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  • Writer's pictureInfrastructure Exchange

AfDB sign $98m grant for Road Transport Corridor Project

The government of Ethiopia and the AfDB Group have signed a $98 million grant agreement from the African Development Fund (ADF) to help finance the first phase of the Ethiopia–Djibouti Road Transport Corridor Project.

In a statement, the Bank noted that the agreement was signed by Ahmed Shide, the Minister of Finance, on behalf of the government of Ethiopia, and Abdul Kamara, the African Development Bank Group’s country manager in Ethiopia.

The total cost of the project is $255 million, comprising an ADF grant of $98 million to the government of Ethiopia, an ADF grant of $5.3 million to the government of Djibouti and a co-financing contribution of $151 million by the government of Ethiopia.

The project will kick off in 2020 and be implemented over a five-year period. The ADF grant to land-locked Ethiopia’s road transport sector is part of the Bank’s efforts to boost regional integration and connectivity, especially access to seaports.

The project consists of the construction of the first 60km of a 4-lane expressway section of the new 126km stretch from Adama to Awash and includes the design of a one-stop border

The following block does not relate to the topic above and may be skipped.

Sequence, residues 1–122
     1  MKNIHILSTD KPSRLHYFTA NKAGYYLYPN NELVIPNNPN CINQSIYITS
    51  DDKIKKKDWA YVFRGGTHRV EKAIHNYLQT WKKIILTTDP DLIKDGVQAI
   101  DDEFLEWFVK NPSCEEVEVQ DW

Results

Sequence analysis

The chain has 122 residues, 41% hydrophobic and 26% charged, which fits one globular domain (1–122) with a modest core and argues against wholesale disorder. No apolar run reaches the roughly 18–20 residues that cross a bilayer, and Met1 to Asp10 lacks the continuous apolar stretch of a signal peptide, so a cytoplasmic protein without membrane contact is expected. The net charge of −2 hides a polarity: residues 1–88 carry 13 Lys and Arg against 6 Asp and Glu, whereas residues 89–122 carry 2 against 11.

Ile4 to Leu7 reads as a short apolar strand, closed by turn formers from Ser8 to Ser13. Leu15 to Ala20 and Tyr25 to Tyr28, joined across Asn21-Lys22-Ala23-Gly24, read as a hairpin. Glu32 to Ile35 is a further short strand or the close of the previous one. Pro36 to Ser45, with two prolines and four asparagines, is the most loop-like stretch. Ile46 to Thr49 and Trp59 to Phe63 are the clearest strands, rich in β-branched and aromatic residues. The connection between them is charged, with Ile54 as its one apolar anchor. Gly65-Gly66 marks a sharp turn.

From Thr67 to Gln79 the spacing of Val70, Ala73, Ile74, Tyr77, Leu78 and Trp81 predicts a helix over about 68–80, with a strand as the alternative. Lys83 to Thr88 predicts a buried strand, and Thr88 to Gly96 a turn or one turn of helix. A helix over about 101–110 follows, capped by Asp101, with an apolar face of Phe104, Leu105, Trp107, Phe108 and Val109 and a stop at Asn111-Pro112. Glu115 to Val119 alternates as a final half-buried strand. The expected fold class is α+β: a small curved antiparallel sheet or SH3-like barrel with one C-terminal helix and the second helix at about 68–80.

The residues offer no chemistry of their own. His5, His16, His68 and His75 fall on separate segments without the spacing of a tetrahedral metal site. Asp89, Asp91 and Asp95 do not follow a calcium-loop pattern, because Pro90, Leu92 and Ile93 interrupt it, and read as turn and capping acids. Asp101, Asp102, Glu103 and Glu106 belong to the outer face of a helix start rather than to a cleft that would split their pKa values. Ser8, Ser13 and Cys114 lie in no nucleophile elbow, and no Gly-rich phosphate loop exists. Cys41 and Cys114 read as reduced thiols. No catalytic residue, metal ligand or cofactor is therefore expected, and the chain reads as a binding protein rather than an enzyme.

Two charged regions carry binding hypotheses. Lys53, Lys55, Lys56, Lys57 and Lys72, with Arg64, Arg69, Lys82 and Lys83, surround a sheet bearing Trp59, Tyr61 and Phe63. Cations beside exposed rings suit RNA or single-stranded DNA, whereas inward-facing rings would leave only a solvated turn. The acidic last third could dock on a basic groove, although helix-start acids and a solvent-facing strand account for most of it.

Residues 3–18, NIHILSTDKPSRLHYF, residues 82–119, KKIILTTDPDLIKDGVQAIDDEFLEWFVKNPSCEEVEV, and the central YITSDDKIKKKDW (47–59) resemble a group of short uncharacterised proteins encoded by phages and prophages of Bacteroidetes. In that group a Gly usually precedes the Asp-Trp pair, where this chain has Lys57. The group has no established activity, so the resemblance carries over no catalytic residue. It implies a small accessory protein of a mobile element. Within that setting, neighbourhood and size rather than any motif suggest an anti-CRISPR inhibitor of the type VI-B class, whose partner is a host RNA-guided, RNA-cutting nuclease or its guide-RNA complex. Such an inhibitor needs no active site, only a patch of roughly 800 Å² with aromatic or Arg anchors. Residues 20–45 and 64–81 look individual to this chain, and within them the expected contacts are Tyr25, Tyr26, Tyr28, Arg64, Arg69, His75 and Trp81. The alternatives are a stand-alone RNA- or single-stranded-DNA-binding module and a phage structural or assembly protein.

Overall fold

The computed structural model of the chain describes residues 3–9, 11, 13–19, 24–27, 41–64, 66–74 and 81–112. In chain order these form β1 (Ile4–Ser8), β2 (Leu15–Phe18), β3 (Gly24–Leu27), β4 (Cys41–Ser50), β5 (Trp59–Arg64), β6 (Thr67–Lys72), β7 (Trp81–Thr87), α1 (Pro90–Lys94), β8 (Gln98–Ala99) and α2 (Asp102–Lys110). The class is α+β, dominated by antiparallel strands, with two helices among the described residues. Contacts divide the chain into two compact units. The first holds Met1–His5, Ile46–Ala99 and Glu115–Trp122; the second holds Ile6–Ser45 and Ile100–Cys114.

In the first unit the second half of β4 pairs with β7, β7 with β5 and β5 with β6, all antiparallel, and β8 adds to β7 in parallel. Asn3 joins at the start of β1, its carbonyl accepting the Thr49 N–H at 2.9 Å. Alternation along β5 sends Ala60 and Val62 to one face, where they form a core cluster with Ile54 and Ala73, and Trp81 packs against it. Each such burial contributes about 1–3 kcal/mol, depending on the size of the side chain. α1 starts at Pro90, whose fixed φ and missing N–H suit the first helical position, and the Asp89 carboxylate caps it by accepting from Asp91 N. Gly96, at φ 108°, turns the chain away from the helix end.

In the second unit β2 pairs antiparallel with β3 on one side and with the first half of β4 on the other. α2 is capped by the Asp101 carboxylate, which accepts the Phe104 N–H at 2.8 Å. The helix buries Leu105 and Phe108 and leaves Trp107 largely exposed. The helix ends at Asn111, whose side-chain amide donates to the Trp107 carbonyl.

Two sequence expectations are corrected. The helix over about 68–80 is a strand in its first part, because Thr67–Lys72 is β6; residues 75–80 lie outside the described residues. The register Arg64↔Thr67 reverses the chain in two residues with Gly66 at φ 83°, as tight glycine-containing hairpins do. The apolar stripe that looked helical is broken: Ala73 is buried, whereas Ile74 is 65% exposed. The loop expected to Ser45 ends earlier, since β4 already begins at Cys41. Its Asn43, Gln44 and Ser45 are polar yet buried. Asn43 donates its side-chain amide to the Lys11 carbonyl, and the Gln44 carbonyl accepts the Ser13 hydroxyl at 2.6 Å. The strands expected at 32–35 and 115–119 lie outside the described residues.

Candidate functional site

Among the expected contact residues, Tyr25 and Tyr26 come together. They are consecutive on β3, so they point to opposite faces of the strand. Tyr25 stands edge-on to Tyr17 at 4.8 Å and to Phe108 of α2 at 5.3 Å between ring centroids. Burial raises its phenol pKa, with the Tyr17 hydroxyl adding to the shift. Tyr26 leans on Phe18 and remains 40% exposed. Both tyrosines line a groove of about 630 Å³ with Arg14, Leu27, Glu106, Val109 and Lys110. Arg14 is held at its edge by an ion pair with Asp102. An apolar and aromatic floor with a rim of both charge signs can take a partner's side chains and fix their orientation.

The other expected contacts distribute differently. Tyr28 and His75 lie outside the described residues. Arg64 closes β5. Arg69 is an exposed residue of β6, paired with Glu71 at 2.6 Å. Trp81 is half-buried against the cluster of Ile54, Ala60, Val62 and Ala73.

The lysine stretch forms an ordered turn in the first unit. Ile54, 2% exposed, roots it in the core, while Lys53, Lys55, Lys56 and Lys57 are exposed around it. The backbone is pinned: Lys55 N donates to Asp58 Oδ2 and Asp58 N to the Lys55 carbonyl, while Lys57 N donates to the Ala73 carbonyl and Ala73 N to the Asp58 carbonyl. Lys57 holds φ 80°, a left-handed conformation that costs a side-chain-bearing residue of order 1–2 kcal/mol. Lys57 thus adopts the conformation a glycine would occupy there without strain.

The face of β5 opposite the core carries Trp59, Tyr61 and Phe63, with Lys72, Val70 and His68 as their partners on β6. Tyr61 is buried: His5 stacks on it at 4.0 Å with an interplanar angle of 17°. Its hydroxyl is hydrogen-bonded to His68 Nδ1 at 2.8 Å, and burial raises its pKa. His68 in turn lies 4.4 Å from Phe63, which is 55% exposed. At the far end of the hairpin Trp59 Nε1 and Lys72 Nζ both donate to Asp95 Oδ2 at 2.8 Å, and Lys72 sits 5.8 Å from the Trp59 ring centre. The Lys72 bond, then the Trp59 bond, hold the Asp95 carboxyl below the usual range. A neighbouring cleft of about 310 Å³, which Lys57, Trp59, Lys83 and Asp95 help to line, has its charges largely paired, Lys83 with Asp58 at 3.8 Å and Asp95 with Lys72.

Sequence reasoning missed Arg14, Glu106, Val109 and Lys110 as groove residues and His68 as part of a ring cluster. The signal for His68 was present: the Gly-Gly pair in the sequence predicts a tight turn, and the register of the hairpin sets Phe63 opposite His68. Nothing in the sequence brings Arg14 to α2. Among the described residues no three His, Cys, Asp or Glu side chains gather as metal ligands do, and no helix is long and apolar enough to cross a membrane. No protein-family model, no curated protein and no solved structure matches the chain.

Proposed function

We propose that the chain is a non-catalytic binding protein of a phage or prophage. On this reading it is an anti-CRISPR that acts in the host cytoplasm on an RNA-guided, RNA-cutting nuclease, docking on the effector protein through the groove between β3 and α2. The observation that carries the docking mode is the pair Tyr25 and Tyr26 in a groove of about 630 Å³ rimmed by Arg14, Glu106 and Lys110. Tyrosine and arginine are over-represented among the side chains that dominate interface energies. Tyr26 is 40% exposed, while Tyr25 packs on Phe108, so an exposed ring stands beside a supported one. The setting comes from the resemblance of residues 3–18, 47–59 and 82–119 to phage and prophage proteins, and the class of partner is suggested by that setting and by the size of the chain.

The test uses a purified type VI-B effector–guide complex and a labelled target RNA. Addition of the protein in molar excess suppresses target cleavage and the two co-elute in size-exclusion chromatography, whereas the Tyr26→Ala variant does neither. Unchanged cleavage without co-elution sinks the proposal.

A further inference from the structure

post at Dewele.

The project will enhance trade by significantly reducing transport costs, thereby accelerating the economic growth of Ethiopia and its neighbour Djibouti, as it is part of the main import-export corridor.

The expressway is expected to improve access to markets for farmers and rural communities. Other beneficiaries include some 3,000 truck-drivers who work the 900km between Djibouti and Addis Ababa, and youths, who will receive over 95% of the job opportunities during the construction phase.

The Bank’s portfolio in Ethiopia comprises 24 operations worth about $1.7 billion, largely in transport, energy, water and sanitation infrastructure, governance and accountability, private sector, and agriculture and food security.

About 32% of the Bank’s operations are in road projects, amounting to $515 million, including four on-going projects covering about 610km in different parts of the country.

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This article was originally published by ESI Africa

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